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Last week, the University debuted a COVID-19 Dashboard on its official Fall 2020 website. The dashboard reports that 14 University community members have tested positive since the beginning of the semester. No new cases were reported within the past week.
On Tuesday, Sept. 22, National Voter Registration Day, numerous campaigns sought to register voters across the country. It is clear that a lot is riding on the election in November, as the pandemic still ravages our country, protests against police brutality and systemic racism highlight racial inequality, and the fears of a worsening economic crisis loom large.
I’ve grown to dread finding a Doodle poll in my inbox. I appreciate the thoroughness, but I’d rather not spend my mornings engaging in game theory to figure out how to influence the meeting time in a way that simultaneously allows me to attend and doesn’t add one more 4 a.m. meeting to my calendar.
On Sept. 22, Rep. Bonnie Watson Coleman (D-N.J.-12) condemned the Department of Education’s (DOE) investigation into the University after President Christopher L. Eisgruber ’83 “admitted racism” in written remarks. Watson Coleman’s comments come as college administrators across the nation similarly denounce the investigation.
Every fall semester, first-year candidates for Class Council vie for students’ votes, often by going dorm to dorm and campaigning in public spaces. The twenty-seven first-years running for the 2024 Class Council, however, have no choice but to campaign virtually.
“It is humiliating to have to rely on people who do not respect you.” Taken from a New York Times article, this quote regarding a queer student’s experience after returning home to an intolerant family represents the feelings of a significant portion of the LGBTQ+ community during the pandemic.
With the recent passing of American icon and Supreme Court Justice Ruth Bader Ginsburg, the upcoming Presidential election has taken on a new intensity, as both political parties gear up for a confirmation battle in the Senate, and millions of voters decide whether the Supreme Court’s leaning is a ballot-box issue.
The Princeton Footnotes, an all-male a cappella group founded in 1959, was recently selected as a top 32 collegiate a cappella group from over 160 video entries in the first-ever UpStaged National Collegiate Performing Arts (NCPA) A Capella competition. The Footnotes now have the chance to compete against other qualifying college a cappella groups, including groups from Harvard, Yale, and Stanford. The winning group will receive over $10,000 in social justice charity donations and the 2020 NCPA A Capella Champion title.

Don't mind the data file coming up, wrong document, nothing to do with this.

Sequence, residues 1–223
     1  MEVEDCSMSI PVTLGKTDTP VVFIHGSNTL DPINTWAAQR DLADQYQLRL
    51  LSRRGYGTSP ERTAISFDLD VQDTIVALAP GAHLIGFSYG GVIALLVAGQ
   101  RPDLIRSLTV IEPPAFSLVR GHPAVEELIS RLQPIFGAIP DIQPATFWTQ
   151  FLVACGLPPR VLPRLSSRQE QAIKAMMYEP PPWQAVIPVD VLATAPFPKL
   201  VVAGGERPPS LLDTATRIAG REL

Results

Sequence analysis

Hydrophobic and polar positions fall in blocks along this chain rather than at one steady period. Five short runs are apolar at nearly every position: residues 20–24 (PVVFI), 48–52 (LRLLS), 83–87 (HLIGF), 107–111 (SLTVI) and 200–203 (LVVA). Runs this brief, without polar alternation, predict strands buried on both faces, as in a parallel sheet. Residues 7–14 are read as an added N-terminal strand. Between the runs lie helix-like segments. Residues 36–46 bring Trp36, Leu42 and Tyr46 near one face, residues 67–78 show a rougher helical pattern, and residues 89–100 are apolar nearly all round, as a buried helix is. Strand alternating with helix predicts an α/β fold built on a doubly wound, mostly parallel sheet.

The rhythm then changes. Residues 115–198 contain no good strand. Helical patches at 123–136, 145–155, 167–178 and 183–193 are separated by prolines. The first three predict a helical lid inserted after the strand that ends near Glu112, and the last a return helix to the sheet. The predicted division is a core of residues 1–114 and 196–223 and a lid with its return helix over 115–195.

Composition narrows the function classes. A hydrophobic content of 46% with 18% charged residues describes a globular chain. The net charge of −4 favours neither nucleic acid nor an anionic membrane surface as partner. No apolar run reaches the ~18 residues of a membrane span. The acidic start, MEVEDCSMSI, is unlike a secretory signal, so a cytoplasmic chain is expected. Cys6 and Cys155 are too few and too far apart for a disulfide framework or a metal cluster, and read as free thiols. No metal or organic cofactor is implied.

Ashwin Mahadevan ’22 has been selected by a seven-person Senate committee to serve as the next Undergraduate Student Government (USG) vice president. He was voted into the position at the most recent USG meeting on Sunday, Sept. 27.
The world has gone through turmoil in 2020, with a wide variety of events capturing our headlines each week. Our consumption of these enormous levels of new information is facilitated through social media, where millions of posts are shared as a method of both activism and information sharing.
“How horrible, fantastic, incredible it is that we should be trying on masks here because of a faraway country … [because of] people of whom we know nothing,” stated Neville Chamberlain more than 80 years ago. Londoners were donning masks, fearing what might cross the ocean waters from “faraway” Germany in the lead-up to World War II.
Editor’s Note: This piece ran in The Daily Princetonian’s Sept. 2020 print issue.
As part of a global day of climate action on Sept. 25, Divest Princeton organized a virtual climate strike, calling for the University to divest from the fossil fuel industry. Close to 100 students, alumni, and other supporters flooded University social media pages with messages in support of divestment.
In early October, University Health Services (UHS) will offer students, faculty, and staff free flu shots at its annual FluFest, held in Jadwin Gymnasium.
In August, the University made the hard decision to switch to a fully online fall semester, as the health risk of bringing even just freshman and juniors was deemed too great. With the majority of students off campus right now due to COVID-19, everyone has shifted attention toward the possible return to campus for the spring semester. As such, the University needs to start thinking of what criteria need to be met in order for students to come back. The administration must also decide if it will allow all students to come back or only a portion, and, if it will only be a portion, which students get priority. Clearly, there are a lot of factors the University has to contend with in coming to its decision.
When I submitted my Princeton application in late December, little did I expect my freshman year to start in this manner. As I braced myself for the first day of classes, I was not sure what to expect. The already present “new person” feelings were now mixed with the wide array of emotions that came with “Zoom University.” I’ll admit, I was a mess.
Most of those familiar with our University know its informal motto, “Princeton in the Nation’s Service and the Service of Humanity.” Coming from a Catholic high school whose motto was “Men for Others,” I understand the power that a commitment to service has in the direction of an institution. Yet Princeton has failed to capture the full potential of the promises of this motto by not implementing a curricular service requirement.